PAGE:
News / Africa

    Cameroon Villagers Flee Boko Haram Cross-Border Attacks

    Cameroon
    Cameroon

    Fotocol, a Cameroonian town across the border from Nigeria's Borno state – the base of the Islamist group Boko Haram - looks deserted.

    So, too, are many surrounding villages where stray bullets regularly strike houses, killing people and animals, when Boko Haram gunmen carry out attacks.

    Cameroon's border area are becoming increasingly deserted due to persistent attacks, looting and kidnappings by suspected members of the militant group.  

    Government officials are pleading with the former residents to return, but the residents say they fear for their safety.

    Government posts

    In addition, many government workers sent to the border localities are leaving the area.

    Secondary school teacher Asanji Paul is promising never to return to Fotocol.

    "You cannot be in a place where there is no peace. You know that at any one point in time, your life is not safe,” Paul said.

    Paul also told VOA that he was advising other Cameroonians to move away from border areas with Nigeria.

    "My own opinion [is that] I will not advise them to stay there,” he said.

    The fear of the militant group is affecting those doing in business in the border areas as well.

    Truck drivers are refusing to transport food items to the border area, and huge quantities of cotton, onions and other farm produce are piling up. Some business owners have fled for their lives.

    Ngum Peter, who has been a barber in Fotocol for eight years, left the region  with his wife and three children.

    Peter told VOA that those who are still in Fotocol should be on the alert.

    "I am really afraid of them [Boko Haram]. If you are not secured where you are, just better leave the place. I am still afraid of the zone, so I can't let my people stay there," Peter said.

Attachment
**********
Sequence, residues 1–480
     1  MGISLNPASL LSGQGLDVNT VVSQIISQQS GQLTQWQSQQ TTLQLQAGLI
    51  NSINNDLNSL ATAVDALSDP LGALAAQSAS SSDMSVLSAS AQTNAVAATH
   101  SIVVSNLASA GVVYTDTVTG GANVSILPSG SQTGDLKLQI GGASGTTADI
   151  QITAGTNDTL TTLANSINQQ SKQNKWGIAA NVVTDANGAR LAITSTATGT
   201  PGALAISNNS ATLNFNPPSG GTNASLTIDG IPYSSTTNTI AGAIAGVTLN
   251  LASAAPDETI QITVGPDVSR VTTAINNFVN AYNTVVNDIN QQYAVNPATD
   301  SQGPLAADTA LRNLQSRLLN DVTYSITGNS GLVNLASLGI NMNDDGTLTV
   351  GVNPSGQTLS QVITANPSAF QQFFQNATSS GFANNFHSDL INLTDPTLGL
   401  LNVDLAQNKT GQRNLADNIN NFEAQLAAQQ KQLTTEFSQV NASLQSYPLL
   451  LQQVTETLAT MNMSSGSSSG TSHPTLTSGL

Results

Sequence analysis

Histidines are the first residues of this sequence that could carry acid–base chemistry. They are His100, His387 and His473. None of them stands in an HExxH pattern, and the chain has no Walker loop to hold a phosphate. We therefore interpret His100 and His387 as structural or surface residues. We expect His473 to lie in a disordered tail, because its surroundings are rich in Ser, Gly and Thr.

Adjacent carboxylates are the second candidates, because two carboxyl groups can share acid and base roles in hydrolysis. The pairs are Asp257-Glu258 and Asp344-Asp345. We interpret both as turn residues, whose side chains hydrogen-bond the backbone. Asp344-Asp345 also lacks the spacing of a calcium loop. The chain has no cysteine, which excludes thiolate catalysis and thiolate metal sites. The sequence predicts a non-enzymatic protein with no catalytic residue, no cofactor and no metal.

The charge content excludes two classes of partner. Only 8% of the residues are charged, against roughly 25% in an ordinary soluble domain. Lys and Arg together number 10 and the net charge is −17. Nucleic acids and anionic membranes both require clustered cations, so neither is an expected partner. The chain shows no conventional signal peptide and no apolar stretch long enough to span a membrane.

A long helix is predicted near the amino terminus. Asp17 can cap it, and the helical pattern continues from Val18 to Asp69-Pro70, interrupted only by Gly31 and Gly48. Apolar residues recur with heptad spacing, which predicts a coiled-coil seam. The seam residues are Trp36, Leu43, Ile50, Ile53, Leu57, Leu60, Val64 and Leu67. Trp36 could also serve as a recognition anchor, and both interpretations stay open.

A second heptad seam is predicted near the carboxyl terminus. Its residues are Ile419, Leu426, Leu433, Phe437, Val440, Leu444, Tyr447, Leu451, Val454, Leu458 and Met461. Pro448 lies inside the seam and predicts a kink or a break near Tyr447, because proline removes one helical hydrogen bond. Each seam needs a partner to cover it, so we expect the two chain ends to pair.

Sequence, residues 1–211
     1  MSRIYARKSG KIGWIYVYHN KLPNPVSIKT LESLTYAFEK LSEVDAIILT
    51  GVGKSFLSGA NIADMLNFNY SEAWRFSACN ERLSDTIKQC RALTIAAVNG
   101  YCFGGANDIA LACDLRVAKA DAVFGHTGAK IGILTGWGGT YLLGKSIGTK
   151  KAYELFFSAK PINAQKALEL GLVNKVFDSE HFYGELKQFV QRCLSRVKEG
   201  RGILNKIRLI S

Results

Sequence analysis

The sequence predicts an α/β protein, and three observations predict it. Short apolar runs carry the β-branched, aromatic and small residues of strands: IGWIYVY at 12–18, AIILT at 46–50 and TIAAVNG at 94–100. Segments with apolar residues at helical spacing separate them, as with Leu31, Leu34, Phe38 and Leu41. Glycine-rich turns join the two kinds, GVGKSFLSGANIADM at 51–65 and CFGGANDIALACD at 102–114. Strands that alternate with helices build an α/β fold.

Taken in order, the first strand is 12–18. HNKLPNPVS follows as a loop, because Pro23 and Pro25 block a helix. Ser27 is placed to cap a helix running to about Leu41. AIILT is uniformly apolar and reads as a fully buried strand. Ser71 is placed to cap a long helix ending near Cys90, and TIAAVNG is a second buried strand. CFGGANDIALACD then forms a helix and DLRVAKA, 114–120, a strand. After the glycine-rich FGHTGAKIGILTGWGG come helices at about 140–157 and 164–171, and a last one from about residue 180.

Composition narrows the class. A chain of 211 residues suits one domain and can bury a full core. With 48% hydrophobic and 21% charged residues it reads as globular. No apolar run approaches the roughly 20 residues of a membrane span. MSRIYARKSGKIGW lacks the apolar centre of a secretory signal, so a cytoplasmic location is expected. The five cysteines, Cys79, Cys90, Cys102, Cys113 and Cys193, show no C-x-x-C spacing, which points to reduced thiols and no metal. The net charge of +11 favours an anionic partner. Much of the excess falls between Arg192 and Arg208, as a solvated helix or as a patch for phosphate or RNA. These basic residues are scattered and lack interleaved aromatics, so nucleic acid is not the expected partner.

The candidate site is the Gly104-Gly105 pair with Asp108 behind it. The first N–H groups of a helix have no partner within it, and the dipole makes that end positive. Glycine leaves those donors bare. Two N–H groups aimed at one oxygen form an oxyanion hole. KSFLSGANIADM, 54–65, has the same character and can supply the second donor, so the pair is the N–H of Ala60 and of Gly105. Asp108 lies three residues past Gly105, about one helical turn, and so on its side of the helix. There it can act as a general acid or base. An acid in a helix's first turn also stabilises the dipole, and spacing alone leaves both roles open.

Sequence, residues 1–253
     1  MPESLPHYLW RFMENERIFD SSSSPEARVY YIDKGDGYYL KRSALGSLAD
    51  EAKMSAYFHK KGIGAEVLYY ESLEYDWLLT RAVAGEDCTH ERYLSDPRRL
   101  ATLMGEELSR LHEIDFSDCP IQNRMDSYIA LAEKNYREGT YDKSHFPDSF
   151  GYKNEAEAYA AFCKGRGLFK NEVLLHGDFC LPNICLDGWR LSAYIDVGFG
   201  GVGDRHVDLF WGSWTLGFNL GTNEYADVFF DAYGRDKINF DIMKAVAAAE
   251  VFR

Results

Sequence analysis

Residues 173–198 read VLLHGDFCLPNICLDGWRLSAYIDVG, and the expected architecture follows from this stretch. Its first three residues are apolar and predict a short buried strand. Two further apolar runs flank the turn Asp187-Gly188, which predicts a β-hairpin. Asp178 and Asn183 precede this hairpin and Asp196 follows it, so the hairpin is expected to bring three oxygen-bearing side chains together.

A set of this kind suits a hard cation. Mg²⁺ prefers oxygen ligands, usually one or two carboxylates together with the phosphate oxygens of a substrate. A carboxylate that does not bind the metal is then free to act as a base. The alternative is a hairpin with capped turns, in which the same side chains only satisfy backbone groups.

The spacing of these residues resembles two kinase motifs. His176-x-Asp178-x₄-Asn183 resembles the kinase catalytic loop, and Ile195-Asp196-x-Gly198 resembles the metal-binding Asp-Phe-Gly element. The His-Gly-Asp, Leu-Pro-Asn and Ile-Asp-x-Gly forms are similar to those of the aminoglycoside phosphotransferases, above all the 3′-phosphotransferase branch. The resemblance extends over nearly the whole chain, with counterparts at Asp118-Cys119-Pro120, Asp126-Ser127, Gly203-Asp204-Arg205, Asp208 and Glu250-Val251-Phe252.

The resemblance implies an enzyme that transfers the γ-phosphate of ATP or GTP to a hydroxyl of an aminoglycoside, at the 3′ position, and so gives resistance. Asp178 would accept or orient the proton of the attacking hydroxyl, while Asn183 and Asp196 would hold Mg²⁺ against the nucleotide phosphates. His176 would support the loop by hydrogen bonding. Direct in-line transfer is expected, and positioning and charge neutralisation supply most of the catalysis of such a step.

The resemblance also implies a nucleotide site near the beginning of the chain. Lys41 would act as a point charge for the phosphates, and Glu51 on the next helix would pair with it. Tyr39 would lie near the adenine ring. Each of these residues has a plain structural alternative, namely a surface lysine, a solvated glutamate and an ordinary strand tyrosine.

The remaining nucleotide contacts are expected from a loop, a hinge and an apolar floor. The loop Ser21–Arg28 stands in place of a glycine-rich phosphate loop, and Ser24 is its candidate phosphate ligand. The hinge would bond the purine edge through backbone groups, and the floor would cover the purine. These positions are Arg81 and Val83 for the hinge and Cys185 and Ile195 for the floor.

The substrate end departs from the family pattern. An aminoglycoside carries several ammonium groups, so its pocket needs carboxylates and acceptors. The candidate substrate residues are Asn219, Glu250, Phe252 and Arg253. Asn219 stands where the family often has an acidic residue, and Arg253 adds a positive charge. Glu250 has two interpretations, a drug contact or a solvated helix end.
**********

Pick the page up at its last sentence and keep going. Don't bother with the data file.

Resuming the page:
Citizens say they are at risk

    Late last month, Boko Haram militants kidnapped the wife of Cameroon's vice prime minister and killed at least three people in a cross-border attack involving more than 200 assailants in the northern town of Kolofata, Cameroon officials

    The fleeing residents argue that if the wife of a high-level official could be kidnapped from the border area, then they as civilians are at great risk from Boko Haram.

    Fotocol shares a boundary with Gamboru, a Nigerian village that is frequently attacked by Boko Haram fighters.

    The extremists opened fire on residents in May in an attack people said left at least 300 villagers dead.

    Kolofata, a town not far from Fotocol, is deserted.

    Cameroon government officials have been pleading with the people to return.

    Babila Akao, the highest government official in Mayo Sava division where Kolofata is located, said the military is able to protect the population from Boko Haram.

    "Many people have left their villages and gone away because of insecurity.  Measures have been taken to ensure security along the border localities. For defense forces the hierarchy is aware of the difficulties they are facing on the field and some measures have been taken and in a few days they will be at ease to carry out their activities," Akao said.

    However, residents have not heeded his suggestion to return.

    The hardline Boko Haram group has massacred, kidnapped and looted several times in the areas, even with the government military nearby.

    About 500 soldiers have been deployed in Kolofata, Fotocol and the surrounding area to provide security for residents.

    Cameroon shares a 2,000-kilometer border with Nigeria and is increasingly targeted by Boko Haram.

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